Monday, January 03, 2005

Crisis drives the bus to Kutta [03012005]

Crisis drives the bus to Kutta

By P. Sainath

It is only the second stop yet on the road to Kutta and there is not a seat
left vacant on the bus. Nowadays, there are 24 such trips between
Manathavady in Wayanad and Kutta in Kodagu, Karnataka. - Photo: P. Sainath

Wayanad (Kerala): The bus journey from Mananthavady in Kerala to Kutta in
Karnataka is a tense one for B.J. Mani. His colleagues are missing. In the
estate where he must labour on the Karnataka side of the border, Mani won't
be allowed to work without the three-man team he promised. "If the others
don't show up, I have to go look for them," he says. "Which means I will
lose even more on bus fares and, quite likely, the day's wages as well."

Thousands of people from Wayanad are crossing the border into Karnataka and
Tamil Nadu every single day, looking for work. Several do this journey two
or three times a week, sometimes more. Mani is just one amongst dozens
jostling for space in the Kerala State Road Transport Corporation bus that
carries us at this moment. Wayanad's rich cash-crop economy has fallen
apart, shattering employment in the district. This single 6 a.m. bus from
here to Kutta in Karnataka's Kodagu district clearly captures that process.

Bus conductor Lawrence Jacob, who has been on this route since 1997, has
watched it unfold. "There were six trips a day to Kutta in 1995. Today, you
are on the first of 24 trips daily - a 400 per cent increase." Prior to
1995, the KSRTC did not have a bus on this route.

Lawrence, who is also an activist and local CITU leader, links the explosion
in the traffic to Wayanad's ongoing agrarian crisis. "The people in this bus
will work in Kodagu district at half the wage they used to get here. That
is, on those days that they do get work. Many are trapped into fake
agreements which their new bosses have no intention of honouring. But they
have no choice. There's no work in Wayanad."

Five years ago, says Lawrence, the bus was dominated by poor adivasis. They
are still the main travellers and their numbers have grown. But now there
are also many masons, carpenters, electricians, students and traders. Then
there are non-adivasi farm labourers in large numbers. And small and medium
farmers, too. A few of the latter trying to lease land cheaply in Kodagu to
cultivate ginger and other cash crops. At home, it's all in a mess.

"When there was work in Wayanad," says Mani, "I got a daily wage of up to
Rs. 120. Now I work for Rs. 80 a day in Kolikuppa." It's worse than it
looks. "My bus fare to the place is Rs. 34 - one way." Mani tries coping by
doing the journey only three times a week and staying over the other days.
"It means I spend very little time with my family. But what's the way out?
This slump in pepper and coffee prices really hit us."

P. K. Siddique is an estate worker too, heading for Kodagu. He gets Rs. 75 a
day. "And no bus fare," he laughs. Which means he pays the Rs. 27 it costs
to his particular stop and back. Besides him sits Shinoj Thomas, a mason.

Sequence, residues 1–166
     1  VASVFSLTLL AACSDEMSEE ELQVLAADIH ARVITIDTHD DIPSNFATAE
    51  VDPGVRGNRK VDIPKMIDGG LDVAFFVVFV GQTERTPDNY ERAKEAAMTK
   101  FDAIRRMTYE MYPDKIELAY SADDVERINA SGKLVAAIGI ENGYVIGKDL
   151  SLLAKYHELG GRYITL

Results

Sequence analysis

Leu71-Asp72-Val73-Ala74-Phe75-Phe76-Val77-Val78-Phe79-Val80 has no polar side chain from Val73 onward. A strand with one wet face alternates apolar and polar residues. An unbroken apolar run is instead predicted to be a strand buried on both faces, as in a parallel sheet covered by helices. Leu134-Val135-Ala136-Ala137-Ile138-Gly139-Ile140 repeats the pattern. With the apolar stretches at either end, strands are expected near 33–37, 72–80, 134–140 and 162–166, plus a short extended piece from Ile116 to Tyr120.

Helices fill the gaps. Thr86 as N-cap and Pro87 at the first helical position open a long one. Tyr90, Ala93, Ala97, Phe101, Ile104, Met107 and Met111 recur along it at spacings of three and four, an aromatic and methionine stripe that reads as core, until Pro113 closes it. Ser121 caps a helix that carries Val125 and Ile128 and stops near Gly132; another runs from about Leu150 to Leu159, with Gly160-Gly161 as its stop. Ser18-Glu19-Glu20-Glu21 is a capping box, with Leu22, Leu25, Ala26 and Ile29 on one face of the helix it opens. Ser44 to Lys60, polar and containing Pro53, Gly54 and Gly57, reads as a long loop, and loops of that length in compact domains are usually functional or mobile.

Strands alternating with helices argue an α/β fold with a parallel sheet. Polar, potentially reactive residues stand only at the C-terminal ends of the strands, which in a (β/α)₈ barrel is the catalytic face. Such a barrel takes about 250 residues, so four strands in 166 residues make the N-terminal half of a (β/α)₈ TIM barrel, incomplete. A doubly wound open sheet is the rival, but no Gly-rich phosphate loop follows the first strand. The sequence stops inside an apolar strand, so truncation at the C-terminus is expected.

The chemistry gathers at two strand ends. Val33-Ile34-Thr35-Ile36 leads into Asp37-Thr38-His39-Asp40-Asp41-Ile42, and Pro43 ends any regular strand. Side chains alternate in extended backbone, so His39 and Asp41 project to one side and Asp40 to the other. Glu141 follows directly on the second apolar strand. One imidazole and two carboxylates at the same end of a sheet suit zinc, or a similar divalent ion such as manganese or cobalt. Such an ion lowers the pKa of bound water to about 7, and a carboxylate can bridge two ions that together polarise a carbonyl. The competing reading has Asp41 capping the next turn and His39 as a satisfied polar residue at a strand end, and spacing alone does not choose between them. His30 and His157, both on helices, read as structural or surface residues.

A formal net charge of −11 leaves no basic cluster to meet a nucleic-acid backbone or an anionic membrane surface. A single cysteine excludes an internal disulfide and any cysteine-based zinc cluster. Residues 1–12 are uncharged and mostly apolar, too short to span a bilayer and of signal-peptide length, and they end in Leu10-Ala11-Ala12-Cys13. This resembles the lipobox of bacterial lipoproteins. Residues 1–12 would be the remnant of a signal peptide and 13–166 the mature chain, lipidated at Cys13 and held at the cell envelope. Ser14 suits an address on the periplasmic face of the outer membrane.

With his skills, he can make up to Rs.150 a day in Karnataka minus the Rs.
30 he spends on bus tickets. "But I get a maximum of 15-20 days work in a
month," he says.

"All work in Wayanad has come to a standstill," says Thomas. "Just see the
countless unfinished houses in the district. These houses were begun when
farming was doing well. Once the crisis came along, construction ceased. No
one had any money to continue. That's why we work across the border for much
less than what we used to earn in Wayanad."

We're just past the second stop and the bus is already more than full. It
has 48 seats, but with over 20 standees it now carries around 70 people. Not
all 24 trips travel this full, but 55 to 60 would be the average, says
conductor Lawrence. "there's at least 1200 people on this route daily," he
says. "And that goes up quite a bit on market day. Mind you, the ticket cost
(Rs.13.50 till Kutta) is higher now than it was a few years ago. Yet, the
numbers of people going has shot up in these past two years."

"Construction workers used to come to Wayanad, not leave it," K. Nirmalan, a
KSRTC workers' union leader at the Sulthan Bathery depot had told us. "Then
construction stopped. Plantations drew a lot of workers. Then those went
into lockouts and closures. Earlier pepper was booming. Now that's gone.
Even this rise in outgoing buses doesn't tell the whole story. There are
many services other than KSRTC's. Those of the other states - and also a
host of illegal ones."

Many on the bus, like Shinoj Thomas, had not ventured out before 2002. Now
they do so in thousands. Buses on most outgoing routes have doubled to cope
with the flow. That from several centres - and not just to Kutta. The basic
story is one of comprehensive collapse of employment in Wayanad. Each
traveller out of the district reflects that in his or her own way. Thousands
of people, their earnings halved or worse, seek unsteady work across the

A little over an hour later, in Kutta, a dejected B.J. Mani says his
colleagues have not shown up for work. "I'll have to go back looking for
them. "My whole day will be gone, not to speak of the bus fare." He boards
the return bus an hour later. Meanwhile, new loads of workers descend from
the incoming bus. People mill around waiting for transport that will take
them further into Kodagu. A group of seven young carpenters from Wayanad is
amongst them. "I've been doing this for two years," says A.M. Biju from the
group. "We will stay a month in Karnataka in a room provided by the man we
are working for. Before, there was a lot of work in Wayanad. Now there is
none, so here we are. That is our story."

On the bus to Kutta, everybody has a story.

[From The Hindu Newspaper]

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